AT the beginning of the 2018/19 season, I was in Belfast for an Anfield Wrap live show.

We were asked what one thing would bring us the most joy that season, and I replied: “I’d fucking love to see the captain of this club lift a trophy.”

My answer had needle, it was laced venom in its delivery. It spoke to those who to this day still believe Jordan Henderson is in some ways a hindrance to Liverpool Football Club. Yet the Irish audience erupted in vehement agreement, waving fists and screaming approval in the manner usually reserved for a lung-busting run or last-ditch tackle.

Change was already very much afoot when it came to the captain.

Henderson, in many ways, represents a Liverpool time before his own. A player who in a strange way became ensconced in a Hicks, Gillett and Rafa-type mindset. You had to pick a side when it came to Henderson, you must stand either side of a fence nobody asked to be erected and be willing to do battle for your cause.

Nobody asked for it, not least the player himself. To look back at his first season now, marooned onto the right side of midfield under Dalglish and having to constantly chase overhit Charlie Adam passes, while taking unsavoury criticism from the Centenary and Main stands, you forget how much adversity he faced at a young age.

And with every season comes growth, as a footballer and person. We have gone on these journeys before, but usually with players born within the city. Alan Kennedy makes 506 appearances for The Reds, Alan Hansen 620. Yet both move to the club at 25 and 22, respectively. Henderson is younger than both when he makes the switch in 2011.

Steven Gerrard and Jamie Carragher are still present when he arrives. They carry the city and club on their backs. Both having the beast of burden and responsibility present at all times.

Gerrard is the player I will always cite as the greatest I’ve ever seen in the shirt. His greatest strength being he had no weakness, as Carragher once put. But best isn’t favourite, and there was always something about watching Gerrard’s journey which made me slightly ill at ease.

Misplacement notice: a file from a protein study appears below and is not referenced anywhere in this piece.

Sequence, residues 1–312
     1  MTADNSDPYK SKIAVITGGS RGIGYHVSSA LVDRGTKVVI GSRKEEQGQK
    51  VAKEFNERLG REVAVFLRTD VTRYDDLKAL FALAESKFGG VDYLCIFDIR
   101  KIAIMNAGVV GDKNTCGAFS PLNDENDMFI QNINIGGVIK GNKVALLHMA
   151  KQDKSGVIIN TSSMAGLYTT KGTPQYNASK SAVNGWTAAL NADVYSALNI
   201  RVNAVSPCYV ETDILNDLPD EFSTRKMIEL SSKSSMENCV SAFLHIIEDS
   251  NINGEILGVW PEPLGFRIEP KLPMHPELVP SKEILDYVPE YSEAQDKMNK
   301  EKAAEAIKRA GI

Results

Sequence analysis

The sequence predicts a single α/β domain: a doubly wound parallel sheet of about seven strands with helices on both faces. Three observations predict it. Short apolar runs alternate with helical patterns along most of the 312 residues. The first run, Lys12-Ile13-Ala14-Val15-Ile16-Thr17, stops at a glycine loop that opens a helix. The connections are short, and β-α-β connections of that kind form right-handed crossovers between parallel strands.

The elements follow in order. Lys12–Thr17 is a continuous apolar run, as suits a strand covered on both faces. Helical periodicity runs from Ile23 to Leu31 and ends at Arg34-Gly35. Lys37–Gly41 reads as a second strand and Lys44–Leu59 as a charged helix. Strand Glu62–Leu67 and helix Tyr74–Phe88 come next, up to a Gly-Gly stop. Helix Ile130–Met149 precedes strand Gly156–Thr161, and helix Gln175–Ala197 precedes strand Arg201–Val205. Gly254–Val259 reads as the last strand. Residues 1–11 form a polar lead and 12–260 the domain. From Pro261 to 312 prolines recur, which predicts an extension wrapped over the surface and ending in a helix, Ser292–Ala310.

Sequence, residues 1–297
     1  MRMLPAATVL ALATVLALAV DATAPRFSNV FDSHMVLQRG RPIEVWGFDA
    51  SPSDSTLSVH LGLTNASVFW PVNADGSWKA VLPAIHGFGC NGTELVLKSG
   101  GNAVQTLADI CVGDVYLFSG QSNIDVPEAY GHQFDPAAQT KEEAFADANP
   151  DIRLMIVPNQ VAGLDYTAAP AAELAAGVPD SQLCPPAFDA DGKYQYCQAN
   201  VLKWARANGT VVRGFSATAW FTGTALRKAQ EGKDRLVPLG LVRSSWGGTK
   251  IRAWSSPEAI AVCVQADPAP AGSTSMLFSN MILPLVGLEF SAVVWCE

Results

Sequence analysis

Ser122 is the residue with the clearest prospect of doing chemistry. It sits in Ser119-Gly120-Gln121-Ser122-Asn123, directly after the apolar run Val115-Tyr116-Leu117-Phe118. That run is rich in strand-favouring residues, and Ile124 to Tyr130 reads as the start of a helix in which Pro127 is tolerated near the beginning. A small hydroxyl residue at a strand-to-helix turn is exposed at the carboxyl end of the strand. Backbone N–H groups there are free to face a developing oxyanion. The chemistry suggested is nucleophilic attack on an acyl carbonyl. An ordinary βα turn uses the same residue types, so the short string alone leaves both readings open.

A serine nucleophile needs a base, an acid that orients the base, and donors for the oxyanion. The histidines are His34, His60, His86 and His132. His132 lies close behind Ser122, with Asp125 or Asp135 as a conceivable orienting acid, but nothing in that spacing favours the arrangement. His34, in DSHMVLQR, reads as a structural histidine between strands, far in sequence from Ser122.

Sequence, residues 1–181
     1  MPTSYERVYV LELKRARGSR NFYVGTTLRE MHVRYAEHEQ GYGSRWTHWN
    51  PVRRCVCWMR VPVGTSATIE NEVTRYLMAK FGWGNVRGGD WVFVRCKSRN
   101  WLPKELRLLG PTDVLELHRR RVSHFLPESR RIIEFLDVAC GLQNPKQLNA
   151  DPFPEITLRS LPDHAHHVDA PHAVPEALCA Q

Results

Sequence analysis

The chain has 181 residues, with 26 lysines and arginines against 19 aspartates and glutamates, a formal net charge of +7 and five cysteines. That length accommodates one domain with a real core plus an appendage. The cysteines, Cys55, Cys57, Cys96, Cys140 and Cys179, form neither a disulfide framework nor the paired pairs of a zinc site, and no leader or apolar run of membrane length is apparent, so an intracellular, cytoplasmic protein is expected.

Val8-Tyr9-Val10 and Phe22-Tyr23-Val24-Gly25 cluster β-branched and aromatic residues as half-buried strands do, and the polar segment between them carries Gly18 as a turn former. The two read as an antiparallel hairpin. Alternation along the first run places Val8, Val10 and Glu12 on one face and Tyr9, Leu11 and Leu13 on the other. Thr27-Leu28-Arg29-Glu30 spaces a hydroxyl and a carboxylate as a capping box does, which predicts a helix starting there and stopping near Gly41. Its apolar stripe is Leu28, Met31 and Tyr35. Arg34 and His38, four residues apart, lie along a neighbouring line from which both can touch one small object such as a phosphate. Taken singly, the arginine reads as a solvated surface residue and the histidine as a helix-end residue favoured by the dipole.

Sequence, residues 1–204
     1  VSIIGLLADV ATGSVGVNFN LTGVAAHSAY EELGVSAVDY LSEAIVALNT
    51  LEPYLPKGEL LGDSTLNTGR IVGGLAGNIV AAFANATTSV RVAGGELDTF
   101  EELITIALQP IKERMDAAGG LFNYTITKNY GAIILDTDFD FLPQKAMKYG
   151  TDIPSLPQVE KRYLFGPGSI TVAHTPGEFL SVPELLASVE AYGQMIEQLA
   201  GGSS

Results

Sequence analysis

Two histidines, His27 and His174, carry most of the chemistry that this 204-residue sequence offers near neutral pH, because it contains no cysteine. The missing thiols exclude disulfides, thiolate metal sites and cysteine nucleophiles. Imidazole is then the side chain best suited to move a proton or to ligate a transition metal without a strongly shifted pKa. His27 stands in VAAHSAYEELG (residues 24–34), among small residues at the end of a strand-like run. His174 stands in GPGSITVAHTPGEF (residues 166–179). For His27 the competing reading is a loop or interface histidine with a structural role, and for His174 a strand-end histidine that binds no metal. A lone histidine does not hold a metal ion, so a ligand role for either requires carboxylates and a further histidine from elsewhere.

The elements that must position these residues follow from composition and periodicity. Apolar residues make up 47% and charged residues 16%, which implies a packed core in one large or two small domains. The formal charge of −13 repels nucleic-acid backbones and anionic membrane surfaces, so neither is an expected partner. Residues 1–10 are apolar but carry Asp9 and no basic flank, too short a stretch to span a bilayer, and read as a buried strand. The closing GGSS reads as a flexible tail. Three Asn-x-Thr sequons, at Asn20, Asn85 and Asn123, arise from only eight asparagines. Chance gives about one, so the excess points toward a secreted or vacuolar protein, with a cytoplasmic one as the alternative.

Nobody is a bigger critic of Gerrard than himself. While that has pushed him to the levels he achieved and may well yet as a manager, he wore it at Liverpool for all to see. He was at times laboured and anguished by his inner demand. At times seeming distrusting of himself and those around him.

And all the time, Henderson was there in perseverance. Fighting his own injury and Clint Dempsey-ridden demons in the background. Never once bringing trouble to the door, all the time a growing influence.

He has been Liverpool captain for around six years, a status which those determined to symbolise him as a figure of underachievement would only further use in an attempt to discredit.

And yet all that time, we are on the same journey as him. We turn up to the same place and want the same thing. We watch him grow and mature and he has gone through the same process for 50,000 of us. He is now our longest-serving player and greatest representation of what Liverpool Football Club is in the modern day – a winner.

What a wonderfully interwoven story, that a boy from Sunderland, who had no affinity to this club or city, can display so much of its character through fighting for its acceptance.

There is not one single blot on Henderson’s name that isn’t now some form of irrational shite from someone still harbouring a pointless agenda.

I got my wish in June, I got to shed the same tears as him when he fell into the arms of his manager and father. When he shuffled his way to lifting the European Cup, I felt like I had gone through every step of that journey with him.

Now, after every Anfield game, I sing his name in the company of so many others who would once never entertain the thought. It has become another tradition and symbolisation of the togetherness which encapsulates the club he leads.

Supporters often talk about players being “once in a lifetime”, but Jordan Henderson is also a person who merits such phraseology.

He is in every sense ours, and for that reason his name will never be spoken down in my presence.

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